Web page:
I was going to weigh in on this person’s comment about “curable” but thought I’d wait. Had he/she read through the blog, it would be clear that most of us have been to doctors, have a diagnosis and that mast cell disorders are incurable. I do hate it when people don’t know enough about the facts, have no medical background and either self-diagnose or try to offer advice to those of us who have gone through the proper channels. Frustrating! But we know what we know. And that’s why we gather here, or on other social media sites like it.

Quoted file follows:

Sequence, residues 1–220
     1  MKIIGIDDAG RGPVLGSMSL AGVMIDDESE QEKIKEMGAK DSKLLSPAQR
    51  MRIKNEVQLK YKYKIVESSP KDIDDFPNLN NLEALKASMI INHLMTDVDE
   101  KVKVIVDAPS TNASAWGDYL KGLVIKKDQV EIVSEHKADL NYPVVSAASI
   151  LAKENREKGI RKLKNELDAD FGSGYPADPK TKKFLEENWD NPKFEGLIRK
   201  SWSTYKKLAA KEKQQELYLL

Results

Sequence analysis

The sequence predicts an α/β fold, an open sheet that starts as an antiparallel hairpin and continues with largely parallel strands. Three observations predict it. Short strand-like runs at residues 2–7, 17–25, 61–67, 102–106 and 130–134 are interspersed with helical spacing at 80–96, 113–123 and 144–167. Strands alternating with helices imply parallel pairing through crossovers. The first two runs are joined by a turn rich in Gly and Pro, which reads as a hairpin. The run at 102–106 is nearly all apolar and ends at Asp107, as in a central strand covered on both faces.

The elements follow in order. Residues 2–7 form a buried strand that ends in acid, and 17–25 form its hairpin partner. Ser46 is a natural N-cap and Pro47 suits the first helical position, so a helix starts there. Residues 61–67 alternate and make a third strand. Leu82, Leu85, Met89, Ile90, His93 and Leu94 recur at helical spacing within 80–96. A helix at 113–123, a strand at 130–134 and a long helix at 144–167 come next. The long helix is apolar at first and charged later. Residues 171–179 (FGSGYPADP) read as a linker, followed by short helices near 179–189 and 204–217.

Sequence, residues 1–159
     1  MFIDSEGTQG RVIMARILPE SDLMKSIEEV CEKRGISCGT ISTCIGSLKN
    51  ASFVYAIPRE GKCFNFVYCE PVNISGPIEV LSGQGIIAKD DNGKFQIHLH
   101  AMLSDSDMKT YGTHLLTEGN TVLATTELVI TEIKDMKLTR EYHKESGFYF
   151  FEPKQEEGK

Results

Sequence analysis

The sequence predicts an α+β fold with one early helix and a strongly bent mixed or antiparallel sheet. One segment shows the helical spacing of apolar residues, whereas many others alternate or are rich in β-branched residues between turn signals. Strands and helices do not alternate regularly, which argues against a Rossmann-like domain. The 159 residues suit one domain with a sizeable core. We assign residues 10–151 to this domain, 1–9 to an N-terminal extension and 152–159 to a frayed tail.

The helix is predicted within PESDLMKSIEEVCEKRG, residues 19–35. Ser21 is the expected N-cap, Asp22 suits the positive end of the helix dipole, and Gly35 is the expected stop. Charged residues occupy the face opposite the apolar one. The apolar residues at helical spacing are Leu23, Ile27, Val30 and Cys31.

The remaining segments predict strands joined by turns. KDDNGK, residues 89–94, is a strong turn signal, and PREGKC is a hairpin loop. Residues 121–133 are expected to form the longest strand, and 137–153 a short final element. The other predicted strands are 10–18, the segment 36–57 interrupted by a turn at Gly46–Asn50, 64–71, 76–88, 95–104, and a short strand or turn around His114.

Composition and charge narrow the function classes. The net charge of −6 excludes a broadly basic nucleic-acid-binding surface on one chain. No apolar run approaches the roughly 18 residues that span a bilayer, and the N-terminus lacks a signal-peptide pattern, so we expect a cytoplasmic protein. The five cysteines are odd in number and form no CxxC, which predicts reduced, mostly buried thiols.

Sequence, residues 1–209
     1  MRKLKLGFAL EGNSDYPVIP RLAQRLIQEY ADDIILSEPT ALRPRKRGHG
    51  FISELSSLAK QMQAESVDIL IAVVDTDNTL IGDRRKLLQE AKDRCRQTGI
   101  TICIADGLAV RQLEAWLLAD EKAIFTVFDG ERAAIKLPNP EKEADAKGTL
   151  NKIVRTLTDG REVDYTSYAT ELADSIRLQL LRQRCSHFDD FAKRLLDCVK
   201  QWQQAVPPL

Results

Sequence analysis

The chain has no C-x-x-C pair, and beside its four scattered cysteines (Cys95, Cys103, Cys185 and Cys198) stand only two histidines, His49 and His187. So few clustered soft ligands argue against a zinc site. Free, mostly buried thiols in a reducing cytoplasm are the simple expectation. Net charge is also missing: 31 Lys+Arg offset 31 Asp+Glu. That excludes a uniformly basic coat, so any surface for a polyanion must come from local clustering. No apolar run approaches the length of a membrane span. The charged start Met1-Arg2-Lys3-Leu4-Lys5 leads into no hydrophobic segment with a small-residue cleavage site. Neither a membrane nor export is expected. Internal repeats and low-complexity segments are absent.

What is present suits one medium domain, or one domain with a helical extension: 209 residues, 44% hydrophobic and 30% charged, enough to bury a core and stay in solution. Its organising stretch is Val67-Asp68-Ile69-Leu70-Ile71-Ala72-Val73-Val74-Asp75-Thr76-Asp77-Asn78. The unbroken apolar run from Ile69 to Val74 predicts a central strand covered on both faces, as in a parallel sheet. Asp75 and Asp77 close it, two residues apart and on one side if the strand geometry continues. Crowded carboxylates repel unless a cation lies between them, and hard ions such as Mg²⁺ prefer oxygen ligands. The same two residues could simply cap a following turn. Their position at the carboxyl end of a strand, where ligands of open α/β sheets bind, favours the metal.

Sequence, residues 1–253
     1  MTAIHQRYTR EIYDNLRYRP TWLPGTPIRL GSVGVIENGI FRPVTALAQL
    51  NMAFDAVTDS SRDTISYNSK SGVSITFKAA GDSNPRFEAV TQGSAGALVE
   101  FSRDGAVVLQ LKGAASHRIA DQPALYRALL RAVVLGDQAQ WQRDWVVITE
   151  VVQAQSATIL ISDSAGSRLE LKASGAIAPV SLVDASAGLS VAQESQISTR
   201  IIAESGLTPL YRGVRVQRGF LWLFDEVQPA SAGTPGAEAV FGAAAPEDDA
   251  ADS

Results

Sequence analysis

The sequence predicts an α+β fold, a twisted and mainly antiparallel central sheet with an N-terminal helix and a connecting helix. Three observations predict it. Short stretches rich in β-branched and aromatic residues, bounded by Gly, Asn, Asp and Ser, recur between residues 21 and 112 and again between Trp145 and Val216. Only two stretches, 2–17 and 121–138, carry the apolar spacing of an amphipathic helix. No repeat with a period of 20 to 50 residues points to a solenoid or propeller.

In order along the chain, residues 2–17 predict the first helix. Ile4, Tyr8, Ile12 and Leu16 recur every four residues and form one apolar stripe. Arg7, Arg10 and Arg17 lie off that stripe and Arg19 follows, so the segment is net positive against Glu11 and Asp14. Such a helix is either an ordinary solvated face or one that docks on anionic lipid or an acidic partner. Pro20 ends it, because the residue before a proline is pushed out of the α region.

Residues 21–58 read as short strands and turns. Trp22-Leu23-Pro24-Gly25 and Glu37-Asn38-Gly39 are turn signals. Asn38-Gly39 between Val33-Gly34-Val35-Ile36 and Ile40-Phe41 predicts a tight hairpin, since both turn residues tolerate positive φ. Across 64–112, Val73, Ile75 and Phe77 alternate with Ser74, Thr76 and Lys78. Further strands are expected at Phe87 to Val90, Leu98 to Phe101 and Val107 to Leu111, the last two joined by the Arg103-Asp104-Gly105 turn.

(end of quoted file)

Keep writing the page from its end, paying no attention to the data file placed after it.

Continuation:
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  15. glo

    This is the same type we get in the veterinary clinic. Pets in terrible shape and they have been healing it with herbs etc. I’m not against herbal remedies but its a good way to kill your pet as they can be poisoned by some of these things. Secondly if this worked so well why are you now here with your very sick pet? I could rant on this all day.